How fast can your BMW go? I’m not sure about the precise terminal velocity of the one I keep in the garage, but I can assure you that the engine is nowhere near breathless at triple-digit speeds roughly 2.3 times that of our widely posted 65-mph limit. When it comes to opening things up on public roads, however, it’s only a matter of seconds until I’ve transformed into a societal pariah, the type that some overzealous road regulators might purposefully merge in front of at speed.
But now that California’s boondoggled high-speed rail project is proving to be the nothing more than transportation to nowhere, a state senator has put forth a proposal that would add additional lanes to two of the busiest thoroughfares in the republic, Interstate 5 and Highway 99. But instead of simply adding pavement to accommodate additional traffic , the bill, which can be read in its brief entirety here, specifically calls for the new lanes to be exempt from the speed limit that is typically posted for Interstates and state routes in California.
Authored by California State Senator John Moorlach, a Dutch-born legislator representing the 37th district, which covers over 30% of Orange County, the bill has grabbed national attention since being submitted. A recent interview with Sen. Moorlach and Road & Track reveals that the widespread coverage and interest was not expected, but that the response hasn’t been as depressing as one might expect. According to the lawmaker himself, the public seems to be split roughly down the middle on the subject, with a large portion of individuals—who likely lack an understanding of how traffic flows most efficiently in the first place—appearing fearful of high speeds, while others are champing at the bit to drop a gear—or four, if you’ve got DCT—and put the hammer down.
It should be obvious where I stand on the issue, and before you begin investigating Sen. Moorlach, other automotive-media outlets have already confirmed him to be an automobile appreciator. Beyond that, he’s also an advocate for left lane discipline, the crazy notion that slower traffic should keep right to allow faster drivers to pass unimpeded.
Unfortunately, even though the proposal sounds like the kind of thing many of us have been waiting for, it’s not predicted to fare well as it moves through the legislative process. A number of problems with the short but easily amendable bill have been pointed out, which range from how law enforcement would regulate speed limits in the other parallel lanes, to which vehicles would be prohibited from entering these potentially unlimited lanes. It’s bleak enough that we even have to address the latter—but then again, I find myself behind city garbage trucks in the left lane of the 65-mph state route I travel almost every day.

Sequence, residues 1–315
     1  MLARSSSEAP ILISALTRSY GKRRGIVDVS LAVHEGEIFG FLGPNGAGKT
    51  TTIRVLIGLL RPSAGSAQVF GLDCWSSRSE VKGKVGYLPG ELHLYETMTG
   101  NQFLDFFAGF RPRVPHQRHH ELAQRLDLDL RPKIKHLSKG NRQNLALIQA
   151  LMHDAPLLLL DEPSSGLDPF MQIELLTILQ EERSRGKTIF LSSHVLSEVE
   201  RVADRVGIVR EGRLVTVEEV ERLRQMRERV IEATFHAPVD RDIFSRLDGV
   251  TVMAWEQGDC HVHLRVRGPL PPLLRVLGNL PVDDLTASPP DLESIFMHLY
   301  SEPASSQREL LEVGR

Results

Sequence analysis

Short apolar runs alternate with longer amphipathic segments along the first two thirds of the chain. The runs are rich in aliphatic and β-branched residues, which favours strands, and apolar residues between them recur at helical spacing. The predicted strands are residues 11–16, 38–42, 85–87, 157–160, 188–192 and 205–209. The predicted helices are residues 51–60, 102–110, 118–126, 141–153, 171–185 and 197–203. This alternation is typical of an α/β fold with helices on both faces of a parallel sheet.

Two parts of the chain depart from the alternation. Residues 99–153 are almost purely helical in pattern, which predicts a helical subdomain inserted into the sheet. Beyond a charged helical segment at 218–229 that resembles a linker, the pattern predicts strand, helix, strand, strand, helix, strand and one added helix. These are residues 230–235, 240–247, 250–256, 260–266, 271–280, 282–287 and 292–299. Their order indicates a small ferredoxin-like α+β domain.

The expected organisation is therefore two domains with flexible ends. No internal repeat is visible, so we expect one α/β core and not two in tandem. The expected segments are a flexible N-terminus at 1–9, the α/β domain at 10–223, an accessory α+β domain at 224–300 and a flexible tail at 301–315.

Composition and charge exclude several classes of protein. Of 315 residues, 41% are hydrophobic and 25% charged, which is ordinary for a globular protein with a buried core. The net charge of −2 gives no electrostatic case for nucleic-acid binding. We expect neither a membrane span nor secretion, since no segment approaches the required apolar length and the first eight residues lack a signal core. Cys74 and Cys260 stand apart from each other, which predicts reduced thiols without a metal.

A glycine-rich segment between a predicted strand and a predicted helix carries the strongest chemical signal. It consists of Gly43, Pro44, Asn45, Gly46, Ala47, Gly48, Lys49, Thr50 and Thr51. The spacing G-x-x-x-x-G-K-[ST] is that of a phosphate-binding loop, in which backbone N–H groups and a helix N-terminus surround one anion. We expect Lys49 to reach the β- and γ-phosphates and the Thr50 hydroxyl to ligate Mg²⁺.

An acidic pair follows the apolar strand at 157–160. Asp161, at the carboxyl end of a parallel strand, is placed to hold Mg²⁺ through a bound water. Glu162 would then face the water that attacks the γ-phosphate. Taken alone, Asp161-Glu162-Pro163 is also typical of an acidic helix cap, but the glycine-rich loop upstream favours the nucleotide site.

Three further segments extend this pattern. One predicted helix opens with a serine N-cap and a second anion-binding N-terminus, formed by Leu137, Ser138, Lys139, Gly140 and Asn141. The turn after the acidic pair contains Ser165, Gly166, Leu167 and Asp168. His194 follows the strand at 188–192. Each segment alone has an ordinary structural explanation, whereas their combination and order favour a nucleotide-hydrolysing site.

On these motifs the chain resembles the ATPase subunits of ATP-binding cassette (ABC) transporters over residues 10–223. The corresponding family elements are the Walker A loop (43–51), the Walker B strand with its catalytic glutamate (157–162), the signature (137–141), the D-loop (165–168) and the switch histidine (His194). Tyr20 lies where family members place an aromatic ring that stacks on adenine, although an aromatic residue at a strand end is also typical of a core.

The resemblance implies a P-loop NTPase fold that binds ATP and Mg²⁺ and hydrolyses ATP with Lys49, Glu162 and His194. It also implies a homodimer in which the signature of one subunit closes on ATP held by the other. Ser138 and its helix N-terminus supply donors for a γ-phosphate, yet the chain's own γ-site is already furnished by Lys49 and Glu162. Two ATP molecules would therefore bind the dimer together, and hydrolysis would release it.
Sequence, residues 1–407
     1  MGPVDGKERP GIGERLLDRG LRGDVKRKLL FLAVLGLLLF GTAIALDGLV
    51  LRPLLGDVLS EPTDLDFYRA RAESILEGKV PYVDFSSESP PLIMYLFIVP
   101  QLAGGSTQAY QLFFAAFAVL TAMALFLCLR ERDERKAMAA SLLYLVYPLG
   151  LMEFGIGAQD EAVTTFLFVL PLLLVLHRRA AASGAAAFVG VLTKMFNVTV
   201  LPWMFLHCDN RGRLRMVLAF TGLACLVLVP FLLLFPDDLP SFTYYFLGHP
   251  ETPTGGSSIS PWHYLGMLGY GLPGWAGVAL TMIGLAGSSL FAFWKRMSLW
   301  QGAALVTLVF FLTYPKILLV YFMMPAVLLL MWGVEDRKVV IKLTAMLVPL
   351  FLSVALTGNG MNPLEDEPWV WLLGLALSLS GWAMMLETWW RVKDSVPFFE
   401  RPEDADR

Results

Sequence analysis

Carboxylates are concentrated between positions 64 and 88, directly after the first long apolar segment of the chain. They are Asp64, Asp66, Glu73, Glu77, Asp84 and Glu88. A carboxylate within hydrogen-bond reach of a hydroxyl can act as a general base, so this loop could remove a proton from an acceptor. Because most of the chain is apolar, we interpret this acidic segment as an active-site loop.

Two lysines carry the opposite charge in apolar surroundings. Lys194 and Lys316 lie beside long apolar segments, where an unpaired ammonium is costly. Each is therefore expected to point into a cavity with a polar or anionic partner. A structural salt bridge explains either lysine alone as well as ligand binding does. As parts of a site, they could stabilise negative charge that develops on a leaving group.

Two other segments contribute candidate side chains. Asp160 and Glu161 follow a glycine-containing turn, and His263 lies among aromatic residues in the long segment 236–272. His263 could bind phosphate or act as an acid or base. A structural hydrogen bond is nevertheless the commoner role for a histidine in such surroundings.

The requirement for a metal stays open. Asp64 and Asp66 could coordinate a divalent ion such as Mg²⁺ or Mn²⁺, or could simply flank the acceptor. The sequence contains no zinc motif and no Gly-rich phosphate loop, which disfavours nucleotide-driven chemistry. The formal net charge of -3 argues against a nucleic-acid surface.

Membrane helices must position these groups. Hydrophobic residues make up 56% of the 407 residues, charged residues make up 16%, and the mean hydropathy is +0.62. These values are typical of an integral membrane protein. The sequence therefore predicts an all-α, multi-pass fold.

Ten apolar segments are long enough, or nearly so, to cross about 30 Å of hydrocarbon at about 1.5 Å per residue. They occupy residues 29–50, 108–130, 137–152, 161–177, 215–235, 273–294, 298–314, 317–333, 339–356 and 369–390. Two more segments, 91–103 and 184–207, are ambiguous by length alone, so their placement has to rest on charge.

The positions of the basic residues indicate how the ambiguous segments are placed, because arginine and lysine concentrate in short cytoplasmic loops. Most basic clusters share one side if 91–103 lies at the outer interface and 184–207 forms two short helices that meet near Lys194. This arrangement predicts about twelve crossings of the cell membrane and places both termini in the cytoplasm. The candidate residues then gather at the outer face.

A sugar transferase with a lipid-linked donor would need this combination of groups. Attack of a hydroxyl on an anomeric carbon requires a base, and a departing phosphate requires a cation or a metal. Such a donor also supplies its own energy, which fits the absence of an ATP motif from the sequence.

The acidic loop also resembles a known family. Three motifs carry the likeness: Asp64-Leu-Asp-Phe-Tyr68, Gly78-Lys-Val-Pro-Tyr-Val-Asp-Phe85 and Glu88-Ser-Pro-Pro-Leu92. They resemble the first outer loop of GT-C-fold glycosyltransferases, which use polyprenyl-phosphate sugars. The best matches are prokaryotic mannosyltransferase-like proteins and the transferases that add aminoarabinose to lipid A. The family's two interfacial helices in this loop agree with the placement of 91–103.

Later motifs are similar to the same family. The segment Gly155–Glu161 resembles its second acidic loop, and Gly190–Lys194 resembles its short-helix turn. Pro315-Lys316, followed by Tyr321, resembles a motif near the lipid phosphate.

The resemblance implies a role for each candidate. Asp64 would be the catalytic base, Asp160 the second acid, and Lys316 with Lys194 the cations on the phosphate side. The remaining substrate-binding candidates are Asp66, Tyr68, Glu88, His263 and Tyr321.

Another interesting caveat many are ignoring is driver training in the U.S., which is perhaps a fundamental source of our on-road frustration. While the process involved with becoming licensed to drive in Germany and other European Union states is lengthy, involved, and serious, our own hours of instruction, with written and practical exams, seem quite lax in comparison. Interestingly enough, Sen. Moorlach recognizes this as a potential catalyst for why so many people camp in the left lane as others angrily blow past them on the right, but errs on the positive side when it comes to individuals selecting a safe and prudent speed on their own for the unrestricted lanes.
Nor is unlimited speed a new idea in California. As LA developers expanded into the San Fernando Valley and began building freeways, they promoted the benefits of commuting at unrestricted speeds. The Arroyo Seco Parkway, for example, opened in 1940 with no posted speed limit. Think about that the next time you’re crawling along in first gear on the 405.
The bill also mentions emissions as a potential benefit, in hopes that the extra open and unlimited lanes would ease congestion. As many Californians know, idling in first gear (or second, if you drive a reasonably modern automatic) through gridlock is a perfect storm for increasing carbon emissions, while locking in cruise control at 80 or so is the perfect combination of high speed, low rpm, and optimized fuel consumption—maximum efficiency, in other words.
But there are diminishing returns with speed and efficiency, and recently, the German government has considered imposing a nationwide speed limit in hopes of curbing emissions.
Provided I could count on a Prius not pulling out in front of me as my BMW devours miles at a velocity greater than that of a Cessna 172 Skyhawk’s cruise speed, I consider myself ready though—and I think many of you are, too. Judging from the response to previous feature columns focused on similar subjects, those reading are the type to keep their head on a swivel, and signal early when changing lanes. Sadly though, in the interest of full disclosure, the original title of this article went something along the lines of, “Why We Won’t Deserve A California Autobahn,” as I’m afraid the best intentioned elected officials will have a hard time allowing the driving population of California to hop in the left lane and simply go as fast as they want—even though that’s what many of us just so happen to do anyway.—Alex Tock
[Photos courtesy BMW AG, Ken Lund, Dietmar Rabich.]